EMA Guidance on Genetic Variability - Pharmaceutical Technology

Latest Issue

Latest Issue
PharmTech Europe

EMA Guidance on Genetic Variability

The EMA has published a guideline that addresses the influence of patients’ genetic variability on drug pharmacokinetics. The guideline on the use of pharmacogenetic methodologies in the pharmacokinetic evaluation of medicinal products clarifies the requirements for drug developers to analyse the effect of genetic variability on their medicines. Adopted by the EMA’s Committee for Medicinal Products for Human Use in January following a public consultation, the guideline is expected to come into effect on 1 August 2012.

Genetic variation can affect the body’s absorption, distribution, metabolism and excretion of medicines, which can subsequently impact a medicine’s benefits and risks. Although pharmacogenetics are not equally important for every drug, the guideline recommends that prospective banking of DNA for genotype analyses be conducted in all clinical phases of development. Even if there is no obvious indication of a genetic influence on pharmacokinetics, effects may be identified at later stages of development or in postmarketing, which was the case for tamoxifen and clopidogrel where activation by polymorphic enzymes was identified during pharmacovigilance monitoring.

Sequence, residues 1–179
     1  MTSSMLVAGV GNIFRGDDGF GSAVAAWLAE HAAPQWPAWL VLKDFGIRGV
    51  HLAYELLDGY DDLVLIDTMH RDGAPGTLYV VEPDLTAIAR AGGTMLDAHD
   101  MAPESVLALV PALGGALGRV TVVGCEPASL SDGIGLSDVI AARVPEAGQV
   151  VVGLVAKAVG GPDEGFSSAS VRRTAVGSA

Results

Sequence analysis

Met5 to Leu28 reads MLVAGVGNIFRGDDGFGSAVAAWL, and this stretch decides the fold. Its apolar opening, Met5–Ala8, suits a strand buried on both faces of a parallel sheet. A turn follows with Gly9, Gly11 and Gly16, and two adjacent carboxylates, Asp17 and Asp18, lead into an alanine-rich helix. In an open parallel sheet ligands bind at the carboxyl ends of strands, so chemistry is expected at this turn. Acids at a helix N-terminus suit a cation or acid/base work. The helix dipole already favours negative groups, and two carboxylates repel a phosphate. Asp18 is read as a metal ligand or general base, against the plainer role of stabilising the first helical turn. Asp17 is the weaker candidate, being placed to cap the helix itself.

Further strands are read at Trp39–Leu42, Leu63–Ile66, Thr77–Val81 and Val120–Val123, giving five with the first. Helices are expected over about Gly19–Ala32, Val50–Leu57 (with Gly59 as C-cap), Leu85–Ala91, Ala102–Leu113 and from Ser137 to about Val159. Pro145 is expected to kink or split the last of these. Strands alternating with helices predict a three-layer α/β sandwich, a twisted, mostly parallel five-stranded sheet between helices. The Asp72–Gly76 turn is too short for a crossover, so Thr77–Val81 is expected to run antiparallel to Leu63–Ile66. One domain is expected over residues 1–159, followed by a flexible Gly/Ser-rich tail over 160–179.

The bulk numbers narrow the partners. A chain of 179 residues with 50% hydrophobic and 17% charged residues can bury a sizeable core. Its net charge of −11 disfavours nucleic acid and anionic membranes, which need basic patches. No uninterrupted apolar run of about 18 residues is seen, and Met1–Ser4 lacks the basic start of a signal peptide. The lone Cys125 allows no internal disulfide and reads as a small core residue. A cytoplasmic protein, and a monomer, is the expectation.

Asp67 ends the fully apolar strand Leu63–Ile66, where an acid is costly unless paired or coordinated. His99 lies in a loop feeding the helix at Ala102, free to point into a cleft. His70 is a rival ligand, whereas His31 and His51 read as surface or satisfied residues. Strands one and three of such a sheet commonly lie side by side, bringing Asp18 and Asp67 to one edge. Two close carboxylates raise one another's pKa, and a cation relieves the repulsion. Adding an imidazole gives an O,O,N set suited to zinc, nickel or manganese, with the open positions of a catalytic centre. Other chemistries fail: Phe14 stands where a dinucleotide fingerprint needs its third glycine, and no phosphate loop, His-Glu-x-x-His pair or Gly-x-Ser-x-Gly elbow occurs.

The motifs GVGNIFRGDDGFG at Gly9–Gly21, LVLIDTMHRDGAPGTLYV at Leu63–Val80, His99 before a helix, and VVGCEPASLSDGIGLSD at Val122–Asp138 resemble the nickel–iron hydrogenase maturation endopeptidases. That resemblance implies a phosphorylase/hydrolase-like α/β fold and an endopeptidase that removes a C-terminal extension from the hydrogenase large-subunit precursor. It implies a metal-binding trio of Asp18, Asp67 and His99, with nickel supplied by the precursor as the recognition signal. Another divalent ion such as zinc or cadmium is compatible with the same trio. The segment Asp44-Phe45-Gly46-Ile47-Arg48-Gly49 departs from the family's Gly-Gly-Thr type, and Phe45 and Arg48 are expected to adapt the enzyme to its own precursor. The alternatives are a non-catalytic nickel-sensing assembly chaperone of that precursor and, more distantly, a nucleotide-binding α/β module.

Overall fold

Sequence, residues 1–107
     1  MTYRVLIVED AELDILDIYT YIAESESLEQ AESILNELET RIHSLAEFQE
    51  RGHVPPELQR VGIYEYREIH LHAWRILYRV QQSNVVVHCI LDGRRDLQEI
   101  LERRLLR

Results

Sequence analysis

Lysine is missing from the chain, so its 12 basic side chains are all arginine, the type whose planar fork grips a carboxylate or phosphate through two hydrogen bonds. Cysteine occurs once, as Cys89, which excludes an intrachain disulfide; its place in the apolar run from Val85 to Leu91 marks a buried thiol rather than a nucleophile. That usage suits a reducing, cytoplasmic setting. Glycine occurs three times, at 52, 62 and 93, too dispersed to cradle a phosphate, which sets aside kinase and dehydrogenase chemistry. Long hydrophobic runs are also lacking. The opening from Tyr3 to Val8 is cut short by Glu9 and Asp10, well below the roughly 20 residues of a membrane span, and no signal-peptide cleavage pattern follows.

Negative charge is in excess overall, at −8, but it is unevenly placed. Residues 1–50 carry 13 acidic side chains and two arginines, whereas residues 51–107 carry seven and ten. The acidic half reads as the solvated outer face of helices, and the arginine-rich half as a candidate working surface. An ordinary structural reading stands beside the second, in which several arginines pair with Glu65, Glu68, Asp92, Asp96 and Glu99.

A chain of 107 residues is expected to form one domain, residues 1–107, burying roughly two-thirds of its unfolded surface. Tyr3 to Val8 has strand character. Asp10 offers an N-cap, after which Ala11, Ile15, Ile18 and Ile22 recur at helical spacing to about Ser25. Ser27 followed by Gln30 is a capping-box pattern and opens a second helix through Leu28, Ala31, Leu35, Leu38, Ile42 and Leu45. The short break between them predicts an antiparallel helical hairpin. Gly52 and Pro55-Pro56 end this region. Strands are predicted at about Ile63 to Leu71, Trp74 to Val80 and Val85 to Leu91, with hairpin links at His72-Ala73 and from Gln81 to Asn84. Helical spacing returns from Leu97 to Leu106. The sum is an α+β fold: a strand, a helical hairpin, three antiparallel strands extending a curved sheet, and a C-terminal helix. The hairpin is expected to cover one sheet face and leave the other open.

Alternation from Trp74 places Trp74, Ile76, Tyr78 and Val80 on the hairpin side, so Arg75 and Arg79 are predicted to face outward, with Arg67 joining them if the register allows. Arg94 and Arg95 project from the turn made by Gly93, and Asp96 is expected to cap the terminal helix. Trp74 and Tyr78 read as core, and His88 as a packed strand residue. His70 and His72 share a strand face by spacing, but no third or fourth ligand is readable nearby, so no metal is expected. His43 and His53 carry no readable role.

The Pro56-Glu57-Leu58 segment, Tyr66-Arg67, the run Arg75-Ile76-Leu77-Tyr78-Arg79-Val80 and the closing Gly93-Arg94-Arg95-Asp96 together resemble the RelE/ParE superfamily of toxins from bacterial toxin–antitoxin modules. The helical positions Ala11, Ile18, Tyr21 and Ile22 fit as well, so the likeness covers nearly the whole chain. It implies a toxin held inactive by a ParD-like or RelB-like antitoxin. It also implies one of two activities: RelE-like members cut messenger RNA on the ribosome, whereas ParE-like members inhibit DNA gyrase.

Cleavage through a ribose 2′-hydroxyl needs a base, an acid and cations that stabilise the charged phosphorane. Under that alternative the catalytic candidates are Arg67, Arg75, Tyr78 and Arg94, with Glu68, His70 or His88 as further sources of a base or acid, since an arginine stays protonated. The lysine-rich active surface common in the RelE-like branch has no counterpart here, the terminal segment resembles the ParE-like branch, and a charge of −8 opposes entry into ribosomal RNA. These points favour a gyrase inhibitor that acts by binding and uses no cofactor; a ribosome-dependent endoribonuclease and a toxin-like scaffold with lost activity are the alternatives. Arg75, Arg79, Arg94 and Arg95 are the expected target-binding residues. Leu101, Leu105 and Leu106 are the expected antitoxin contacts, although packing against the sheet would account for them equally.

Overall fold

According to the guidance, studies of the effect of pharmacogeneitcs will usually be required when the magnitude of interindividual variation in drug exposure is high enough to potentially affect a medicine’s safety and/or efficacy. The guideline provides recommendations on where pharmacogenetics should be implemented into the drug development process and applies mainly to small-molecule drugs, as the genetic effects on the pharmacokinetics of biological drugs are not yet as well understood.

The guideline also addresses:

  • recommendations and requirements for study designs, subject selection and sampling
  • how to evaluate the clinical impact of genetic differences between patients and recommendations for further studies
  • possible consequences of differences and the impact on treatment recommendations and labelling
  • consideration of drug–drug interactions
  • effects of impaired or immature organ functions on pharmacogenetics related pharmacokinetic studies.

The full guideline can be read on the EMA website.


blog comments powered by Disqus
LCGC E-mail Newsletters

Subscribe: Click to learn more about the newsletter
| Weekly
| Monthly
| Weekly

What role should the US government play in the current Ebola outbreak?
Finance development of drugs to treat/prevent disease.
Oversee medical treatment of patients in the US.
Provide treatment for patients globally.
All of the above.
No government involvement in patient treatment or drug development.
Finance development of drugs to treat/prevent disease.
Oversee medical treatment of patients in the US.
Provide treatment for patients globally.
All of the above.
No government involvement in patient treatment or drug development.
Jim Miller Outsourcing Outlook Jim MillerOutside Looking In
Cynthia Challener, PhD Ingredients Insider Cynthia ChallenerAdvances in Large-Scale Heterocyclic Synthesis
Jill Wechsler Regulatory Watch Jill Wechsler New Era for Generic Drugs
Sean Milmo European Regulatory WatchSean MilmoTackling Drug Shortages
New Congress to Tackle Health Reform, Biomedical Innovation, Tax Policy
Combination Products Challenge Biopharma Manufacturers
Seven Steps to Solving Tabletting and Tooling ProblemsStep 1: Clean
Legislators Urge Added Incentives for Ebola Drug Development
FDA Reorganization to Promote Drug Quality

Click here